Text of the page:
A Glendale police lieutenant is suing the city, alleging that she was denied a promotion to captain because of her gender, Armenian heritage and for threatening to blow the whistle on what she called an unlawful interview process, court records show.
Ludmilla Abrahamian claimed that she was the most qualified of six applicants who interviewed for the position in December. She discovered later that month that the panel of experts responsible for evaluating the candidates was “handpicked” by Glendale Police Chief Robert Castro and “instructed how to rank the candidates,” according to the lawsuit filed Monday in Los Angeles County Superior Court.
Under Glendale’s civil service rules, Castro would ultimately select the candidate for promotion but is required to choose from among the professional panel’s top-three list. Once certified, that list is valid for two years or until it’s exhausted.
Castro, the lawsuit alleged, “made clear to the interviewers that he did not want a female or minority to be ranked in the top three positions.”
City Atty. Mike Garcia declined to comment via email Tuesday, noting that the city had not been served with or analyzed the lawsuit.
Abrahamian’s attorney Gregory Smith also declined to comment.
Castro could not immediately be reached Tuesday, but he has said in the past that his intention with his first captain promotion was to find a “peacemaker” who could communicate with and be respected by the entire organization.
Before he took the helm of the department more than two years ago, he said, allegations of favoritism were widespread.
“I needed a captain that could bridge that gap among all the different people in the organization and make them have confidence that they were going to get opportunities to be successful regardless of what their past history may have been,” Castro said, adding that this perspective was important for panelists to know.
In March, the Glendale Coalition for Better Government published a series of emails, obtained using state open records laws, between Castro and the panelists. The coalition’s report is currently under review by the state attorney general’s office.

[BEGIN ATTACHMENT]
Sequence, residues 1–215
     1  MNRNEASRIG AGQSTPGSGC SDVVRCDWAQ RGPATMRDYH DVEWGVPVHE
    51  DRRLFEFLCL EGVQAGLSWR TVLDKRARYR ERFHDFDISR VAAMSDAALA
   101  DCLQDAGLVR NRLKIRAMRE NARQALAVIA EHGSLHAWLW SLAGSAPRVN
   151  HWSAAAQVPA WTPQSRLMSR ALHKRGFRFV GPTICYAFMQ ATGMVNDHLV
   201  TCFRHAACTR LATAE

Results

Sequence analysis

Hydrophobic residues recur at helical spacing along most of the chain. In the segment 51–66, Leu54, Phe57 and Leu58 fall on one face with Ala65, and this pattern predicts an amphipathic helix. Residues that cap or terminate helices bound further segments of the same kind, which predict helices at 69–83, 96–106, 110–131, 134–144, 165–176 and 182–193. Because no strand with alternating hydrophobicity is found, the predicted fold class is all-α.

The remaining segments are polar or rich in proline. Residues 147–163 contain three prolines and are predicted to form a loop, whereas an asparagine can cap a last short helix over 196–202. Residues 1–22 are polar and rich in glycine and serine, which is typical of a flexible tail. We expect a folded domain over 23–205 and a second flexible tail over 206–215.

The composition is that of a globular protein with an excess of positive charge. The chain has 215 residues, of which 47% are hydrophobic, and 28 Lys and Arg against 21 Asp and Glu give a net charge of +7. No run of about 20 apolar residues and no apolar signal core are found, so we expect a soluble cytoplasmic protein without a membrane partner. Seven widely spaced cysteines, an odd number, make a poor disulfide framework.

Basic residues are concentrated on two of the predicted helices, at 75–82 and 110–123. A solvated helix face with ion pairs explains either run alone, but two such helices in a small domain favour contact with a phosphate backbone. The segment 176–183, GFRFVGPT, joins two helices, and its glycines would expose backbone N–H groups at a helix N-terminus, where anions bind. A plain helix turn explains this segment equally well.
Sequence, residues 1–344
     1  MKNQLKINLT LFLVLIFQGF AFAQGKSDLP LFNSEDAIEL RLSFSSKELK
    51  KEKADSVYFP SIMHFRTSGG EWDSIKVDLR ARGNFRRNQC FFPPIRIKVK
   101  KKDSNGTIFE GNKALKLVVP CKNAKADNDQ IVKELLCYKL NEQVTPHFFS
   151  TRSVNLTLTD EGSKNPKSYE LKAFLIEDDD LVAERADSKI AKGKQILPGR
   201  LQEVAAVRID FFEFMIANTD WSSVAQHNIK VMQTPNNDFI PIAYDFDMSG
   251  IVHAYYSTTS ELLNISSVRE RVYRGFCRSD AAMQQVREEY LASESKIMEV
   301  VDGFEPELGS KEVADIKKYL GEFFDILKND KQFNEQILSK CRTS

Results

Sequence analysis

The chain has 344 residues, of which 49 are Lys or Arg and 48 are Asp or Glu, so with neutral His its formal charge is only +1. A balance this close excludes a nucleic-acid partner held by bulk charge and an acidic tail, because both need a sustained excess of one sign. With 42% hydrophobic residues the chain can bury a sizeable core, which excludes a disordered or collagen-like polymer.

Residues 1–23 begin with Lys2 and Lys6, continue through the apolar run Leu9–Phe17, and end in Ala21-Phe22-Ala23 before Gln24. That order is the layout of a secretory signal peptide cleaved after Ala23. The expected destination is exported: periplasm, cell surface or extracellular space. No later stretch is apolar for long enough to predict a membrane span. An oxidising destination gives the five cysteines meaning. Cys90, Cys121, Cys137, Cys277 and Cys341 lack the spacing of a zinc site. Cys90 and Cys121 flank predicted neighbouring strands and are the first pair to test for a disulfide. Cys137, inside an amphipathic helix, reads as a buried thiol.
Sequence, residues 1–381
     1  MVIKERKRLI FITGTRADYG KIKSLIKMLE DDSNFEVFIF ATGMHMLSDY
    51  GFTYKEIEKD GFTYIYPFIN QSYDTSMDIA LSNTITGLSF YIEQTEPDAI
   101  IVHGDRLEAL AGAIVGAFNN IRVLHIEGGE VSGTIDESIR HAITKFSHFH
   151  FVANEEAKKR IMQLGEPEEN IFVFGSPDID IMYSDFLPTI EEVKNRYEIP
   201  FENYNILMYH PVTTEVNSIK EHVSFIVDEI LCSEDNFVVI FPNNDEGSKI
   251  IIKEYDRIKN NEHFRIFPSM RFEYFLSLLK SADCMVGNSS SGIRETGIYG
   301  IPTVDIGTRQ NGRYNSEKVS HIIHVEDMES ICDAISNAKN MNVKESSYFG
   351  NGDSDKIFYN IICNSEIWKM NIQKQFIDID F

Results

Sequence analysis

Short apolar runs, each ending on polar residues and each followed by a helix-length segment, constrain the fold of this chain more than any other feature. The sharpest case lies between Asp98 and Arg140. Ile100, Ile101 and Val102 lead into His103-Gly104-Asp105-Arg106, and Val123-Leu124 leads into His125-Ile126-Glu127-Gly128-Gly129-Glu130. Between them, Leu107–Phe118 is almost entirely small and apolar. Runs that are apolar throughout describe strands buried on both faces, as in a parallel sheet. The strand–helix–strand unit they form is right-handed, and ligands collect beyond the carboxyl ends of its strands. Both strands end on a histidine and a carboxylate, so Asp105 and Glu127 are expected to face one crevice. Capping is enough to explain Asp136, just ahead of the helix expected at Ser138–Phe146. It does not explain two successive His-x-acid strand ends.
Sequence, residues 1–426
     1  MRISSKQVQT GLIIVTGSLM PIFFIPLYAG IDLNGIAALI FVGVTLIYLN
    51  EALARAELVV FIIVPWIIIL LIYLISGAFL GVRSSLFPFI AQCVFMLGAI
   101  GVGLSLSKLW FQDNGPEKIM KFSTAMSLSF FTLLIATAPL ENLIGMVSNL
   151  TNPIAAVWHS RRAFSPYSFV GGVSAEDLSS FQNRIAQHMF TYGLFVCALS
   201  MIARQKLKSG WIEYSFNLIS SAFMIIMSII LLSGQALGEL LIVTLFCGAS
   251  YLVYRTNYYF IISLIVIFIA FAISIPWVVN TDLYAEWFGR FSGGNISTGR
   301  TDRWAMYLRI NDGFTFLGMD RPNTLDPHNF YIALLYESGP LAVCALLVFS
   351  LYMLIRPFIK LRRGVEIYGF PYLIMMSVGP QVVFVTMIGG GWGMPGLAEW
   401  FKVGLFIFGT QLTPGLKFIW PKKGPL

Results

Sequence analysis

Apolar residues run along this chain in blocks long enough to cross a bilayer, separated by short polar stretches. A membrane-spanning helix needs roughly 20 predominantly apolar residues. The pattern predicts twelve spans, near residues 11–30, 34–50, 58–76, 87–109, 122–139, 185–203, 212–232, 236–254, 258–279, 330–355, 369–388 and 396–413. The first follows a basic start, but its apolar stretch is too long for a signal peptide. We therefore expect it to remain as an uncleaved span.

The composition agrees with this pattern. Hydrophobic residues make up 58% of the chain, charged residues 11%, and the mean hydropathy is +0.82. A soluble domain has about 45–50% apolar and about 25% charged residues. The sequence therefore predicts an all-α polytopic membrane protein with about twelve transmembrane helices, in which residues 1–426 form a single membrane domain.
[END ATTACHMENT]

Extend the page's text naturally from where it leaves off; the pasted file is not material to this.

Castro, who is Latino, indicated in one email that “many past promotions were done for political and racial favor.” He continued, “I do not play that game so that is why I asked you to help me.”
The hiring panel scheduled a conference call for Nov. 23 and the following day Castro emailed the group again, indicating that one applicant had withdrawn, but he named three who were still in the process. Abrahamian was not one of them.
The panel’s top-three list, which the lawsuit alleged included the three candidates named in the email, was ultimately thrown out after human resource officials determined the communications were inappropriate.
The test was subsequently readministered by a second panel of experts.
Abrahamian alleged that the second time around, Castro chose panelists who “he knew would appoint only males and disregard minorities,” according to the lawsuit.
One of the panelists was Tom Angel, who at the time served as chief of staff to Los Angeles County Sheriff Jim McDonnell. He recently resigned that post over emails he forwarded while he was Burbank’s No. 2 police official, mocking Muslims, blacks, Latinos and women. Another unnamed panelist, the lawsuit alleged, had close ties to Castro.
In the lawsuit, Abrahamian, who has served as a lieutenant since 2010, also said she was denied the promotion in retaliation for notifying the city in December that she intended to sue.
In a letter sent to Abrahamian’s attorney on Jan. 4, City Atty. Mike Garcia confirmed that he received the request to preserve evidence. Two months later, a city spokesman denied to the Glendale News-Press that the city received such a request.
Tchekmedyian writes for Times Community News.